On 19 December 2007, encouraged by their Democratic Alliance (DA) councilor, backyarders in Delft illegally occupied unfinished houses in the N2 Gateway scheme. After battling in court, they were evicted on 19 February 2008. Many of them decided to remain across the road from the N2 Gateway houses, and built shacks along the pavement of Symphony Way. After a further 20 months of contestation these people were evicted again, to the nearby Blikkiesdorp Temporary Relocation Area (TRA).
This book relates stories of their experiences on Symphony Way, told by the people themselves, in their own words. The text was also edited by them. It is a remarkable and moving volume, charged with emotion and satiated with reasonableness. There is both poetry and prose. It is written for the outside world: “Put your shoes into my shoes and wear me like a human being would wear another human being” Conway Payn starts his story. It is a book which will make you cry, and laugh, and get frustratingly angry at the crassness of government. I wish I could bury the noses of Tokyo Sexwale and Bonginkosi Madikazela in its pages. Everyone should buy this book and read it.We read of births and marriages on the pavement, of arrests and confrontations with police and cold government officials. One family describes how they occupied an N2 Gateway house after living in different backyards for 14 years – compelled to move on by close friends or relatives – and they were not the only ones. A 16 year-old girl describes her disgust at having to go to school with non-ironed clothes because of no electricity. Life on the pavement was tough but it was democratic and collective. One woman describes how her personality changed from introspective and fearful to outgoing as the result of her experiences on the pavement. What shines through is the persistence of their struggle, their self-confidence and pride as the result of the struggle. Constantly they insist on their human dignity, when treated like animals by officialdom. “We may be poor but we are not stupid” is a refrain that runs through the pages. And their desperate hope is encouraging and a sign of their collectivity – hope that they will get houses. Several children born on the pavement were named “Hope.”Let me conclude with an extract from a letter written by Bahiya Claasen to Richard Dyantyi, then Western Cape MEC for housing:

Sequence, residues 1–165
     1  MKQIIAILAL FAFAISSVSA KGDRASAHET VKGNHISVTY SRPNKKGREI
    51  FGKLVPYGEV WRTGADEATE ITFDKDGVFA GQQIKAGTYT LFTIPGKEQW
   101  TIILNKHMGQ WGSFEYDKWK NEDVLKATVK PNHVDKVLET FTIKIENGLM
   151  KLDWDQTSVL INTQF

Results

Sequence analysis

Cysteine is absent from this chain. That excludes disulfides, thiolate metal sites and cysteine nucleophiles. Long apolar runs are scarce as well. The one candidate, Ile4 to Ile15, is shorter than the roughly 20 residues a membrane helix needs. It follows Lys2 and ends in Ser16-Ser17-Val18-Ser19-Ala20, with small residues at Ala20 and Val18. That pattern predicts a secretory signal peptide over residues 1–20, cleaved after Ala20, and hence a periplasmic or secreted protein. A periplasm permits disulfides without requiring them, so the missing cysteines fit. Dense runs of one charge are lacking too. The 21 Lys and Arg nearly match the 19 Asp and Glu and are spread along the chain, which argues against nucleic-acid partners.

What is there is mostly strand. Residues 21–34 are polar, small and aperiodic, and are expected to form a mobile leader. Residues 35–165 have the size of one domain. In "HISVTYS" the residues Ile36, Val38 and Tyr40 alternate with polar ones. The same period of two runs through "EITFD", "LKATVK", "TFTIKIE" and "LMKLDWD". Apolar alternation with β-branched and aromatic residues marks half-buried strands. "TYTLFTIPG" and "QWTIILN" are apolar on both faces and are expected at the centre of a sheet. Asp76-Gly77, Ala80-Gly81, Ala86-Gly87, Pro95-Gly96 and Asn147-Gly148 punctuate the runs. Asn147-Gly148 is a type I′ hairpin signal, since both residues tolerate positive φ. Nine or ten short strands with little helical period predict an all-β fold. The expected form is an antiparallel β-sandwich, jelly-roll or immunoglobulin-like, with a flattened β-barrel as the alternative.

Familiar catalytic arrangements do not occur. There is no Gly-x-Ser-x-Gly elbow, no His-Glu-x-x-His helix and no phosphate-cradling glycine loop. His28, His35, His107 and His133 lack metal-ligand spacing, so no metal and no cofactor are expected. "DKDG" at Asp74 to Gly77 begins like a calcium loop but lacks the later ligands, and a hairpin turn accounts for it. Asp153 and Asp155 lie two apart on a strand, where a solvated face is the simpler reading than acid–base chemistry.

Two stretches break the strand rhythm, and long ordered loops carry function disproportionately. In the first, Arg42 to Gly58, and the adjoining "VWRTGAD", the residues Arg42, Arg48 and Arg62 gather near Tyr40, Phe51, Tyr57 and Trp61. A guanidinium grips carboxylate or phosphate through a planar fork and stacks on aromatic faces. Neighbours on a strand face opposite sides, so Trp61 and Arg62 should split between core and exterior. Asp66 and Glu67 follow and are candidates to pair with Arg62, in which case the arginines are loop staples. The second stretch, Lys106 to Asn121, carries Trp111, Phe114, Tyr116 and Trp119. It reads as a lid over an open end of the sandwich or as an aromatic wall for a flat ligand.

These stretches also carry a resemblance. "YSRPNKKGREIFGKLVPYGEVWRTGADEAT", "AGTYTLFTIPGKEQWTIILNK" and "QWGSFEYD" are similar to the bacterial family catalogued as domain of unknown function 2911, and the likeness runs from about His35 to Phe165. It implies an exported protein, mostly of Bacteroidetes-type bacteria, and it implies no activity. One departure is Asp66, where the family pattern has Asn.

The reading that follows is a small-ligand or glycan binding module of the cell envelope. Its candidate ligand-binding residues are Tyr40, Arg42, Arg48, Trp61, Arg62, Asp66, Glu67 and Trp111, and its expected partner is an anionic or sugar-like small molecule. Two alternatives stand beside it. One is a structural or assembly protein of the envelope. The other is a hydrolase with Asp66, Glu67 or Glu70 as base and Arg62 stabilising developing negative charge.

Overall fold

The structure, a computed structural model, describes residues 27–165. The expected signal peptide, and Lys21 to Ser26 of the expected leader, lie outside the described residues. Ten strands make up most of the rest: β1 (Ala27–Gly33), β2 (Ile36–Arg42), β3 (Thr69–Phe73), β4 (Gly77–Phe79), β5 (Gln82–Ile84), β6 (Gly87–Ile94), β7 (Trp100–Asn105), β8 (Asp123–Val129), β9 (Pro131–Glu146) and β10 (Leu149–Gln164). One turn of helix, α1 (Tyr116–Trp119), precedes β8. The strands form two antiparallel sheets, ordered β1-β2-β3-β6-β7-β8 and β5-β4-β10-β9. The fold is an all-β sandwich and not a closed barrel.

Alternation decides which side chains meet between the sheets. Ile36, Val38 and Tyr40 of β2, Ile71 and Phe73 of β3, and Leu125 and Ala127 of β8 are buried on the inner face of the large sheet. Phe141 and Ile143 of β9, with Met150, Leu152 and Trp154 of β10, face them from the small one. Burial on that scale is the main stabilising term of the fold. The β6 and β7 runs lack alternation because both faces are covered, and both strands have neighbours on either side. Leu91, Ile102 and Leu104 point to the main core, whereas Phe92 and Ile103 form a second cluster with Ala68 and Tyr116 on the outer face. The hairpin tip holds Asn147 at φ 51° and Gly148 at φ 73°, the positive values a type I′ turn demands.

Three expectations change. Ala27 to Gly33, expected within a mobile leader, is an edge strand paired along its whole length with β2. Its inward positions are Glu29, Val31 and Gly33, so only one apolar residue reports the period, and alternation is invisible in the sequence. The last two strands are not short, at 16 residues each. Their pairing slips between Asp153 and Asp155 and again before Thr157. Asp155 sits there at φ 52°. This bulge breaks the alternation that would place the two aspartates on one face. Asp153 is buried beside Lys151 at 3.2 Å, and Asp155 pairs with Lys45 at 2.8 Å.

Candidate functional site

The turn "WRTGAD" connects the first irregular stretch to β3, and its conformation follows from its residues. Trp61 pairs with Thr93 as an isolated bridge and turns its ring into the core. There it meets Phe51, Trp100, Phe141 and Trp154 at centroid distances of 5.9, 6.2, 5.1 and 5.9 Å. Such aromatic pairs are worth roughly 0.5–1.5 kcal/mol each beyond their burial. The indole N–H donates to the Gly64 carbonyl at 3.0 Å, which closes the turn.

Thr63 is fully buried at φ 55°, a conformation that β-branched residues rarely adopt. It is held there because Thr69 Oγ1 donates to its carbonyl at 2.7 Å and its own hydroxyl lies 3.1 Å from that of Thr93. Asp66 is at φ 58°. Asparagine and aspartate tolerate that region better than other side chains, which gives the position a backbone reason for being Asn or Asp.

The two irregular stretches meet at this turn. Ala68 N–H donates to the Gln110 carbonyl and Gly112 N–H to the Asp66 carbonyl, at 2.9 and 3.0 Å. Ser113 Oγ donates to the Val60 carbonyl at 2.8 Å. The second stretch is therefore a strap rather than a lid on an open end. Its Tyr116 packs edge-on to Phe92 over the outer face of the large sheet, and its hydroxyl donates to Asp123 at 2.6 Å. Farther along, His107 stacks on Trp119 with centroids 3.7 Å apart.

“I’m writing this letter on behalf of everyone who are staying on the pavement. Sir, we are so sick and tired of everybody who hords power in their hands, people who have deprived us of our rights. People who think they can throw us around and just walk over us. Mainly the people who sits on their high pedestals that thinks nother [nothing] of our poor Children, and they are the ones who suffer the most. Then I think to myself is this our New Generation? Or our Forgotten Generation?
“At night while your children enjoy a nice healthy meal, our children must eat sand in their food. While your children enjoy a nice hot bath we must wait for our water to boil on a fire. What I admire the most of our children is that they never complain. Our children think that life must be like this. And 1 think how wrong of you and everybody in Government to do this to our children. I’m writing this letter with tears in my eyes and a broken heart thinking what is going to happen to our NEW GENERATION Generation? Or should I say our FORGOTTON GENERATION?
“If Sir! You do not want to think of us! Then please please think of our children!!!
“Sir! My most concern is that winter is on its way. And like a lot of us, I am on the housing waiting list for more than 13 years…”
A short review cannot do justice to the book. Read it for yourselves – and learn.